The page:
Okay, is there anyone here who doesn't know that an anagram is a rearrangement of letters from a word or phrase, ideally resulting in another word or phrase that has some bearing on the original?
Didn't think so.
The Net is full of anagrams; they're so common that I'm surprised it's taken me a year and a half to get around to mentioning them. Some of the classic anagrams are somewhat relevant to their subjects: "Old West action" for "Clint Eastwood," for instance, or "insane Anglo warlord" for "Ronald Wilson Reagan." Others are random nonsensical insults, like "huge berserk rebel warthog" for "George Herbert Walker Bush." Some are topical (and therefore quickly dated), like "villain" for "Vanilli"; some are timeless, like the fact that "eleven plus two" anagrams to "twelve plus one."
I'm fond of phrases in which the first half is an anagram of the second half, such as "quintessential tinsel antiques," or what someone should have told Hamlet, to get him to chill:
"No big deal, O glib Dane!"
(By the way, I'd always been told that "O" should be used only in addressing someone—that is, that it was not a general-purpose synonym for "oh." But my dictionary gives it as simply a variant of "oh," without so much as a usage note. O well.)
For more anagrams than you could possibly want, go visit I, Rearrangement Servant, the Internet anagram server. Be aware, though, that like most anagram programs, this one only knows stem words; if you ask it to anagram "quintessential," the word "antique" will appear in the resulting list but not the word "antiques." (If I remember right, one of the better downloadable anagram programs, which I've unfortunately lost the contact information for, allows "s" as a word; you still have to do the pluralizing yourself, but at least it reminds you of the possibility.)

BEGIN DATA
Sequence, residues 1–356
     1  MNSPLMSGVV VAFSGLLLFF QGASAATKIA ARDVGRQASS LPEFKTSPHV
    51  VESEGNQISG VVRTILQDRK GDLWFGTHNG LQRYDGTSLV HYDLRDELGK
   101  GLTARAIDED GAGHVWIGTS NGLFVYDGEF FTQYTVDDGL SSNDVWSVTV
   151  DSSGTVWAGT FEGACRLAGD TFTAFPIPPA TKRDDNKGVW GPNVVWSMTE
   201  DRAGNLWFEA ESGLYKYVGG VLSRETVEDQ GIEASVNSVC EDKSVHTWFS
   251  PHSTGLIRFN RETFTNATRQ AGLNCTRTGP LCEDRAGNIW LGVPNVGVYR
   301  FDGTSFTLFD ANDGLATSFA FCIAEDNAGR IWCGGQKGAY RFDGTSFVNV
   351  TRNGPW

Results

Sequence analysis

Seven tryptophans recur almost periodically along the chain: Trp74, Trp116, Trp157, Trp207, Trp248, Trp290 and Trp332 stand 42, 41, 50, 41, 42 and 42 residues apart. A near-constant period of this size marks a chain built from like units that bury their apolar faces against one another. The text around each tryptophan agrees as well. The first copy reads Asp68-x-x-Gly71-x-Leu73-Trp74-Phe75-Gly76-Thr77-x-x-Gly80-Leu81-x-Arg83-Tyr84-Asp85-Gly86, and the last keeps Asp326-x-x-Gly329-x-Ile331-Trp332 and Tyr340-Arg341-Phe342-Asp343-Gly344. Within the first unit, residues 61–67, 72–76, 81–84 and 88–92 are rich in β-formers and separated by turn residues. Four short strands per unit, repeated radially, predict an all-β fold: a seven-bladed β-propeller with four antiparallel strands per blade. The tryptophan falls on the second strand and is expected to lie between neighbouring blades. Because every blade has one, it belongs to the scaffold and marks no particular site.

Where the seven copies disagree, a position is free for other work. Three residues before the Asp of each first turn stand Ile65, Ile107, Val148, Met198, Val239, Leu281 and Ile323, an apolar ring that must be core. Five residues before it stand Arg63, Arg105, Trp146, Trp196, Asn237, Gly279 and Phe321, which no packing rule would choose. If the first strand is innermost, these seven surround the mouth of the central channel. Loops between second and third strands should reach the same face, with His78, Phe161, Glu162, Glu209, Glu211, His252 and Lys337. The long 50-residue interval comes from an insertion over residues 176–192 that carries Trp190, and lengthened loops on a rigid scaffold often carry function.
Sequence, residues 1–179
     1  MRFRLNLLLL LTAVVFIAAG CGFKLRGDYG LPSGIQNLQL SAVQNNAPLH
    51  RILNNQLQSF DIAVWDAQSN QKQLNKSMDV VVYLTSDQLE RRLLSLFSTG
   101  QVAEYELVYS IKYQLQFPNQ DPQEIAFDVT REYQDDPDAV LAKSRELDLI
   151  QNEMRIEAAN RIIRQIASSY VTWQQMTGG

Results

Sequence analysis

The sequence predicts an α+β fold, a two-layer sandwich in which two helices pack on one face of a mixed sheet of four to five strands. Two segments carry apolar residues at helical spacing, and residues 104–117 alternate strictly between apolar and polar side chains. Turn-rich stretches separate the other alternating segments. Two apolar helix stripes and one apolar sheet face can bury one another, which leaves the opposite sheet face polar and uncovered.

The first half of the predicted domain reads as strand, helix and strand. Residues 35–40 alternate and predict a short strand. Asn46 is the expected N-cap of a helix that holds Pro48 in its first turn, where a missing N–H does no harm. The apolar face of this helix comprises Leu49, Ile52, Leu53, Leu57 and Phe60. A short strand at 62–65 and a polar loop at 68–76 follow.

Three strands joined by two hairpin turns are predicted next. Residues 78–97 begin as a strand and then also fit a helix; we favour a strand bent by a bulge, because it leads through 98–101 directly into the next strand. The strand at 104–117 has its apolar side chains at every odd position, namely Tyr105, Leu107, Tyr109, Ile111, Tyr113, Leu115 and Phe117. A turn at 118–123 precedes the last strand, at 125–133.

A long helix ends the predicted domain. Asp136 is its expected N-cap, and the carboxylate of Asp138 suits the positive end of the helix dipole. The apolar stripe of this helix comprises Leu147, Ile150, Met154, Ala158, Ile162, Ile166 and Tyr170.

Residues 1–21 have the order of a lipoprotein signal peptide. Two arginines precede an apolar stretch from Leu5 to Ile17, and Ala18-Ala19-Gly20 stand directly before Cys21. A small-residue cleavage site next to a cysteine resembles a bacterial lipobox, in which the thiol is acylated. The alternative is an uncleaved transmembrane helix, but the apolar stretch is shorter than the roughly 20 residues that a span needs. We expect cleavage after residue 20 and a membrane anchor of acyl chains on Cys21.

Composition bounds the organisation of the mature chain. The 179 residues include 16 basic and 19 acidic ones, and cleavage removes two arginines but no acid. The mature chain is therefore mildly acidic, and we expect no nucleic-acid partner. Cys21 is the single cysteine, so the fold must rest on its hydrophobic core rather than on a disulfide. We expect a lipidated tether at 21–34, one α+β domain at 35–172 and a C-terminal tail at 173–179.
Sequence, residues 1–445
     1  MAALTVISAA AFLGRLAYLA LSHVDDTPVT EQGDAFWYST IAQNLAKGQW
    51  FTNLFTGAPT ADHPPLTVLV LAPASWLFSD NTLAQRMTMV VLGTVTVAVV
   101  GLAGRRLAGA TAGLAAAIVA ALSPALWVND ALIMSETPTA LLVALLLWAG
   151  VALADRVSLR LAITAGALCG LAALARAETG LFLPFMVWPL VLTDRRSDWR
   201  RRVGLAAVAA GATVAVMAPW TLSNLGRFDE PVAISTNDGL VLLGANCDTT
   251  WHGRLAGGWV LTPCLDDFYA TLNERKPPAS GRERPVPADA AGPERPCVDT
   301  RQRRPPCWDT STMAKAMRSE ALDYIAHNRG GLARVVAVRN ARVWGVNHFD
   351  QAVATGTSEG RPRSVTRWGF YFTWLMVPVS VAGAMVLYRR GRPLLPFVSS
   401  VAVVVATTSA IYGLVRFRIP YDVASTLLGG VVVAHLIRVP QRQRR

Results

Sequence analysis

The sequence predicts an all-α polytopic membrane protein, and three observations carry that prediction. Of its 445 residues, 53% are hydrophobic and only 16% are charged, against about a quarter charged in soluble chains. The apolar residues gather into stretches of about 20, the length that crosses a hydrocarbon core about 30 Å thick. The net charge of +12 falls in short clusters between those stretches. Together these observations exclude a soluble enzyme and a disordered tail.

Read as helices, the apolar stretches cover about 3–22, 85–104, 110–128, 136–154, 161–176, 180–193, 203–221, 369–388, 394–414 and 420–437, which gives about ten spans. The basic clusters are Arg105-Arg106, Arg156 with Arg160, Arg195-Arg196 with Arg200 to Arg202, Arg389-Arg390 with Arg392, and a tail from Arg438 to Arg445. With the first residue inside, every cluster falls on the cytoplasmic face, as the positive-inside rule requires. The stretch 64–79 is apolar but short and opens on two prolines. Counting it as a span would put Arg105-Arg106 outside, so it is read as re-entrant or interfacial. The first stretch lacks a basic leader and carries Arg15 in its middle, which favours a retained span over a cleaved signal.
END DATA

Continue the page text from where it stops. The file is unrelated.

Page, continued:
All of which is merely by way of lead-in to the new game I'm introducing this week: Thogs (also known as Goths). As you may have guessed if you're a quick anagrammer, Thogs is an anagram variant of Ghost. There are two versions: Easy and Hard.
In Easy Thogs, players add letters to the growing collection of letters (rearranging the list if desired, though the order of letters doesn't matter), until one player has formed the anagram of a word (over three letters long) and can't think of a longer word that can be made using those letters. For instance:
Zinnia: Ha! You lose.
Yitzak: Not hardly. We could go another three steps, to GINQRUEY, for QUERYING.
Zinnia: Ah, but three more steps would take us back to you, so you still lose.Yitzak: Nope, you challenged me and I had a longer word in mind, so you lose.
So in Easy Thogs it's okay to reach an anagrammed word en route to another word, as long as you have a longer word in mind that uses those letters. In Hard Thogs, you lose if the letters you say can be rearranged to make a word, so Yitzak's last turn above would indeed have been a losing move. I call this version "Hard" because it seems likely to result in every move being intensely scrutinized by all other players, hoping they can anagram your letters into a word.
I should note that Thogs has not yet been thoroughly playtested. If anyone tries it, please report back to me on how it went and how it could be improved.